What I like the most about the new breastfeeding policy released by the American Academy of Pediatrics this week is that it continues to promote that breastfeeding should be considered a public health issue and not a lifestyle choice. This is very important in light of all the recent high profile cases related to a woman's right to breastfeed her baby.

When will others get it through their thick heads that breastfeeding is the most natural—not to mention healthy—way for a mother to both feed and nurture her child? Evidence of the beneficial effects of breastfeeding are readily available everywhere. In fact, if you don't believe me, all you have to do is just look at breastfed babies, like my own who, with some exceptions, I'd say are remarkably healthy. I'm 100% convinced that breastfeeding them is the reason why.

Read more in ¿Qué más?: Breastfeeding was better for me and my baby

The policy also reaffirms the AAP's recommendation that babies should be exclusively breastfed for at least six months, at which time their mom's milk can be complemented with other foods. The statement, published in the journal Pediatrics on Monday, is mostly aimed at pediatricians, but it can also be used to guide hospitals and businesses as to the importance of breastfeeding. Everybody should be involved in supporting breastfeeding moms, especially those who are having trouble or first-time moms who have no clue what's going on.

Like I was when I had my first child. Way before Vanessa was born, I knew I wanted to breastfeed her. She latched on fairly quickly and easily a little bit after we met each other and things seemed to be going well. But a couple of months into her life, things got complicated and I felt like she wasn't getting enough milk. She was always fussy and breastfeeding was no longer as enjoyable for either of us as it'd been at the beginning. To make a long story short, her pediatrician suggested that I start introducing formula and alternate both methods to feed her. I was resistant, but when my daughter turned 4, I caved in.

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We did that for another month before I basically started running out of milk. Since she wasn't breastfeeding as much, my milk production got lower and lower. Eventually, it was gone. We barely made it to 5 months and I was very sad. I had tried my best, but I should have looked for more support. All moms should have access to that.

The story was a bit different with my son. I breastfed him exclusively for almost 9 months, when I went back to work and started introducing formula. I'm not really sure what was different, me, him or both, but it definitely helped that I had already done it before.

Did you breastfeed your babies? For how long? How was that experience?

Image via HoboMama/flickr

About the author

Roxana A. Soto is Features Editor for MamásLatinas. She's a bilingual and bicultural journalist born in Peru and raised in Mexico, Argentina, South Africa and Miami. She's also mom to a girl in 3rd grade and a boy in Kinder. She loves books, languages, traveling and good food – especially when cooked by someone else.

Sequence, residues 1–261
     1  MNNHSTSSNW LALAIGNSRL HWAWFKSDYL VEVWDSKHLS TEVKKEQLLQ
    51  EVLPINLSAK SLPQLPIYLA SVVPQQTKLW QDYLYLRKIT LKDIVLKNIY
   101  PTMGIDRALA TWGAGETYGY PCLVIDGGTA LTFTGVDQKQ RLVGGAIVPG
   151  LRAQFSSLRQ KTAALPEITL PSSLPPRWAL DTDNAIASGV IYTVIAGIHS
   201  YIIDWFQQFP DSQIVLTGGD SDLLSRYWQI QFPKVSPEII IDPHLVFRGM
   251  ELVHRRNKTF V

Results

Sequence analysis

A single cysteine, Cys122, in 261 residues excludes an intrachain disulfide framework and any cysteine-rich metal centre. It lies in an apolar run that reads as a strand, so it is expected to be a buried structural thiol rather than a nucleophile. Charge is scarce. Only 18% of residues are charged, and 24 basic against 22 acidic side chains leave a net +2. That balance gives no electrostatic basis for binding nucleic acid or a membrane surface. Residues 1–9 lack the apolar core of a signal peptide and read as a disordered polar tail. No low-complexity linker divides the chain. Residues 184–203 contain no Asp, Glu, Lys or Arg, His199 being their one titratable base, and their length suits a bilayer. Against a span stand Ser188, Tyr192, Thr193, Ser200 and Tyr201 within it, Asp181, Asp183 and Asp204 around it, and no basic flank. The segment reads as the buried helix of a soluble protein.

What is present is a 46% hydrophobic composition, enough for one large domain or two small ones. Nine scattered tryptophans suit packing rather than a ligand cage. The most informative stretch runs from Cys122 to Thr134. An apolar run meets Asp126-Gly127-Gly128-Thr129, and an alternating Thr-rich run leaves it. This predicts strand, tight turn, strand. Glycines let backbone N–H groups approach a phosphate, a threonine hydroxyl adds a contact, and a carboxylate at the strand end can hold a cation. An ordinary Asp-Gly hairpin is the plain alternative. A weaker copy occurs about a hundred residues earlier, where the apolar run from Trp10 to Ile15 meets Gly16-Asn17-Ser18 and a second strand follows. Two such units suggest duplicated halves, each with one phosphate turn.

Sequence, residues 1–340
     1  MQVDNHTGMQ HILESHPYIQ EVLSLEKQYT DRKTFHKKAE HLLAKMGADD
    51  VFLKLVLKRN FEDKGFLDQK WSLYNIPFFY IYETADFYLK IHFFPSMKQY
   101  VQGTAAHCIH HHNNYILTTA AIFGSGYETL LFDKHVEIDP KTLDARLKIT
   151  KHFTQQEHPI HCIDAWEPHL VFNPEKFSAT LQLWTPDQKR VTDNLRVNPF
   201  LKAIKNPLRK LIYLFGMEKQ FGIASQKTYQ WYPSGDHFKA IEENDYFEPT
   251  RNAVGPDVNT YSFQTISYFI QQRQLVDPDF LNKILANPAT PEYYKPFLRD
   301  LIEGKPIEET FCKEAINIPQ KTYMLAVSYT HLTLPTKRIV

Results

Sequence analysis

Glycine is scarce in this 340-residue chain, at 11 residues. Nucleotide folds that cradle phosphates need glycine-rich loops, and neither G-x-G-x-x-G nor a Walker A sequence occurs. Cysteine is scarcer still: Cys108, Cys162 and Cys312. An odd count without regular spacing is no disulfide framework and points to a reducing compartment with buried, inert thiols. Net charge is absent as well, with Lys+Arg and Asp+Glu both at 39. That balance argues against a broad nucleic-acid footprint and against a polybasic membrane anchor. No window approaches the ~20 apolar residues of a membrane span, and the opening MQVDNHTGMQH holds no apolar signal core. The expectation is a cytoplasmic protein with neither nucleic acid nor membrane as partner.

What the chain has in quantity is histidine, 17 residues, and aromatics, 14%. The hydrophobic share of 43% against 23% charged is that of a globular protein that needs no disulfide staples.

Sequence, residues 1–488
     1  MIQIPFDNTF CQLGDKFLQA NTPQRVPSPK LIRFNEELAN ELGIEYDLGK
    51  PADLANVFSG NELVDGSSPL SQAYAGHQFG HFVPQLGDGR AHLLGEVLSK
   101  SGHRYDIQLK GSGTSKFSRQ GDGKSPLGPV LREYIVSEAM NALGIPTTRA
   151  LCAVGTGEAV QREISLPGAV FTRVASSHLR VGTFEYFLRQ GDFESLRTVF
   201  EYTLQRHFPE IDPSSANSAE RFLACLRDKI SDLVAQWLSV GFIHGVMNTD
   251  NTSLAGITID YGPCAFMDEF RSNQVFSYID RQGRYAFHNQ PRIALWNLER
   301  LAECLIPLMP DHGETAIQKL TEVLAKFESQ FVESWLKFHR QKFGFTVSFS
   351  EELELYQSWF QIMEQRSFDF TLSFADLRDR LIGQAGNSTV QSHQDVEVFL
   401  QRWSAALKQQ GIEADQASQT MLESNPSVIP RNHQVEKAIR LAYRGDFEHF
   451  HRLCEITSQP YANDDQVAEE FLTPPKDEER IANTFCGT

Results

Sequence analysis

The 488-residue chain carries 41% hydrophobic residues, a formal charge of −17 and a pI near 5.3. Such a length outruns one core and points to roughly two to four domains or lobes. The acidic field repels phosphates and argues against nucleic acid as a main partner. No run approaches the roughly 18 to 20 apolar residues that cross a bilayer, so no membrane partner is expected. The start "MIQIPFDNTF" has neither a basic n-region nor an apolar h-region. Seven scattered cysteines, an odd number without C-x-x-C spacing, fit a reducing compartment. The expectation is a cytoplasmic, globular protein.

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i agree that breast feeding is natural and important. Making a baby is natural too, but I don't want to see it displayed without any regard to modesty or consideration of others around who may not be as open to displays of flesh-nourishing or not-as you. Please feed you baby! It's wonderful and loving. But can you also please be a little bit discreet? I don't want to banish you to a bathroom or empty corner, but if you have a baby, you have a blanket. Just drape it over and keep your very personal and beautiful experience with your child just that: personal.
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In general, I'd say it does depned greatly on the culture and the family in question. Because of the oversexualization in the US, I think past 5 is heebie-jeebie (well, and the only mom I've ever met who was nursing a 5yo was offering it out of a weird bribery/codepnedency/guilt thing, as in stop that now and I'll let you nurse and anytime that child had a tantrum she'd drop everything, including the younger one, to nurse), though I would definitely see exceptions for special needs kids.So my guidelines are the age of modesty (the true one, not the one 2yos sometimes go through), the age when the family feels it's inappropriate to bathe with an opposite sex child, and the age when it's no longer ok to take your opposite sex child into the public restroom with you (I'm starting to feel that now with my 5yo though letting him in the men's room alone is another set of heebie-jeebies). Nursing may not be sexual, but as the child grows and begins to become more aware of their sexual feelings, I do see potential for potential (lacking a better word) confusion in a society where breasts are highly sexualized.In other words, when there's lingerie marketed at 8yos who watch the Disney Channel, nursing an 8yo is definitely heebie-jeebie material. Nursing to puberty? I can't even comprehend. Not to say I'm judging, just that it's beyond anything I can relate to.
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